Compliance Is Just The Beginning

Protecting your organization while staying right with regulators is tough, but doable
Building a security program that meets compliance requirements yet is based on risk, not reaction, is like constructing a house: It involves a number of professionals with different specialties, everyone needs a set of blueprints to work from, and ad hoc deviations from plans get very expensive very fast.

The first decision is what level of security you need, and can afford. A risk assessment to map out your assets and identify what data is most important to your organization, as well as what regulations you must comply with because of that data, is the foundation of any security program. As part of this assessment, be prepared to estimate the business and financial value of different types of information. This will help prioritize risk, so you aren't spending $8 to protect data that's only worth $5. Risk assessments may be done by outside auditing firms or internally, following various methodologies, including the NSA's Infosec Assessment Methodology; the Factor Analysis of Information Risk, or FAIR, method; and the ISO 27000 series standards.

An internal or external penetration test is the usual next step, and is encouraged by most regulations twice a year. A penetration test helps validate the findings of your risk assessment and provides evidence of whether the company is following its own policies. For example, when working with a Level 1 Payment Card Industry merchant, our organization performed a third-party risk assessment that found that the retailer was--on paper--doing everything required, from updating patches to emphasizing secure coding in the application development life cycle. However, when we performed a penetration test, we were able to break in within 15 minutes. The group was not, in fact, updating patches on all servers and didn't employ secure coding practices.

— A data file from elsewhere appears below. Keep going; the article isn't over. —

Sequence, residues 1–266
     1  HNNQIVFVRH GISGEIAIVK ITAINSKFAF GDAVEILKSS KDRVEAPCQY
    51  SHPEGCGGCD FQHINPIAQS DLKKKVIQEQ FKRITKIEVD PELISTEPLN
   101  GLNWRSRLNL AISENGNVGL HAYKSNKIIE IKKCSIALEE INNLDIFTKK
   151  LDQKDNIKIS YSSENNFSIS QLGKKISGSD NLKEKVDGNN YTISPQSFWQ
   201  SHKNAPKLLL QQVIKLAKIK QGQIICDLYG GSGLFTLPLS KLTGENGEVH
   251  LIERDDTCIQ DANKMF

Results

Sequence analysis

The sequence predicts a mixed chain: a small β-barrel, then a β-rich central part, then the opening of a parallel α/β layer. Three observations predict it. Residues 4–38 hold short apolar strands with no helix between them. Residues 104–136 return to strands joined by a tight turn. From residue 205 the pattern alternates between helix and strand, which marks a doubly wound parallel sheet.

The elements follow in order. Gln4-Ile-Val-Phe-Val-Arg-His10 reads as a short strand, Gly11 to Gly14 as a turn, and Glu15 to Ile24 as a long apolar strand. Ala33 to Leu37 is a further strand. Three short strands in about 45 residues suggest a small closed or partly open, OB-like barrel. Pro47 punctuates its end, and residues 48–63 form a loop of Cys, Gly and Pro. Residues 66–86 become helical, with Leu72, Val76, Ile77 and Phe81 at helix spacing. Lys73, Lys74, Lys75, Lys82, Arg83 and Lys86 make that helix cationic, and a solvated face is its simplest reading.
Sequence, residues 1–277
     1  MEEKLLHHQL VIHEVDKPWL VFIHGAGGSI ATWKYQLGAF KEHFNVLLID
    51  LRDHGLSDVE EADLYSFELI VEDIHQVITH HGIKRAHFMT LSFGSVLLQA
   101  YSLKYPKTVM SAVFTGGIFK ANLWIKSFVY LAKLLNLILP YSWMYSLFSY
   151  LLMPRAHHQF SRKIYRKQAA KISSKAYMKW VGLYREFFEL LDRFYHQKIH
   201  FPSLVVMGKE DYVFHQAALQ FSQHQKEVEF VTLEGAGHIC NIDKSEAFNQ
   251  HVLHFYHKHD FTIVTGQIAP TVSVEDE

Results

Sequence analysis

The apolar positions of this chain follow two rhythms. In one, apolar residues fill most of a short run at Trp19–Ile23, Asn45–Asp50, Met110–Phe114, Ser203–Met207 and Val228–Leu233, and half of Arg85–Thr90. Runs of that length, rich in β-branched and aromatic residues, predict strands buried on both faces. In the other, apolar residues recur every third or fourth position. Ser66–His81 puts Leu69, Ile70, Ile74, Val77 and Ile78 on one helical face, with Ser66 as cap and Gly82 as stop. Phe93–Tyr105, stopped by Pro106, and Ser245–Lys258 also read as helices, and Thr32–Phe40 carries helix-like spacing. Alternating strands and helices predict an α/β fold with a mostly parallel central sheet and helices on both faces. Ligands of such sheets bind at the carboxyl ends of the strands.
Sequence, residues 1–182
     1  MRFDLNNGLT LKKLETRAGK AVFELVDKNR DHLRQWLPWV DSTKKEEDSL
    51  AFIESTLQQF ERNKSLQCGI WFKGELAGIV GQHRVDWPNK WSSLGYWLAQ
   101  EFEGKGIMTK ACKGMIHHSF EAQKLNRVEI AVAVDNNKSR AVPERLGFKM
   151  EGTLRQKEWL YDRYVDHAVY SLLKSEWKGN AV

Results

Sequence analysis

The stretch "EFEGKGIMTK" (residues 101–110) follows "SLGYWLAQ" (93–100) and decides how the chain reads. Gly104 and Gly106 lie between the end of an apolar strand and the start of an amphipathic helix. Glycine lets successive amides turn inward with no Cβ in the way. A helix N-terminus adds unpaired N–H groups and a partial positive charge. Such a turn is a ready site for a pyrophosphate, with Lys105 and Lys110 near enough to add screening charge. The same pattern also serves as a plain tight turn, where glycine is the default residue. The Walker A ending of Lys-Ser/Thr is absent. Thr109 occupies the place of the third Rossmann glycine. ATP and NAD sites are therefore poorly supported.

With an assessment and pen test in place, next comes the hard part: Getting business users involved in classifying their data, and getting funding to shore up your security program where needed. During the risk assessment process, you identified owners of specific data types. Our job as security professionals is to advise those owners on the risks to their data and how we would best protect it.

And yes, it's their data, not yours. Infosec groups don't own anything except the risk.

It's extremely important to keep moving toward the ultimate goal of a security architecture while hitting those compliance initiatives you must address. As with construction, if you don't build a structure to code, an inspector is going to come round and tell you to tear it all down and start over. That said, it's also vital not to confuse being compliant with being secure. If a building code didn't require a house to have doors, would you skimp?

Recently we spent more than two months performing a security assessment for an organization that was subject to various regulations. We documented more than 30 issues to be resolved, but instead of addressing a subpar security posture, the CIO asked, "Is there a checklist that we can go from, so we pass?"

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Talk about missing the point. The bad PR landscape is littered with companies that were compliant with a host of regulations and still got breached.

We're not suggesting that this CIO didn't care about protecting his corporate and customer data. But as the number of regulations increases, even well-intentioned leaders can be tempted to check compliance boxes and hope for the best rather than do the hard--and potentially expensive--work of understanding and mitigating risk.

Budget realities dictate that having dual security tracks, one implementing comprehensive security frameworks unrelated to compliance, and one working to demonstrate conformity with regulations, just isn't feasible. The good news is, the two needn't be mutually exclusive. Instead of using regulations as the final goal of your security program, use them as minimum security baselines, to which you add layers of security as needed.

Matt Franko is PR manager and Ken Stasiak is president and CEO of SecureState; contact them at [email protected]

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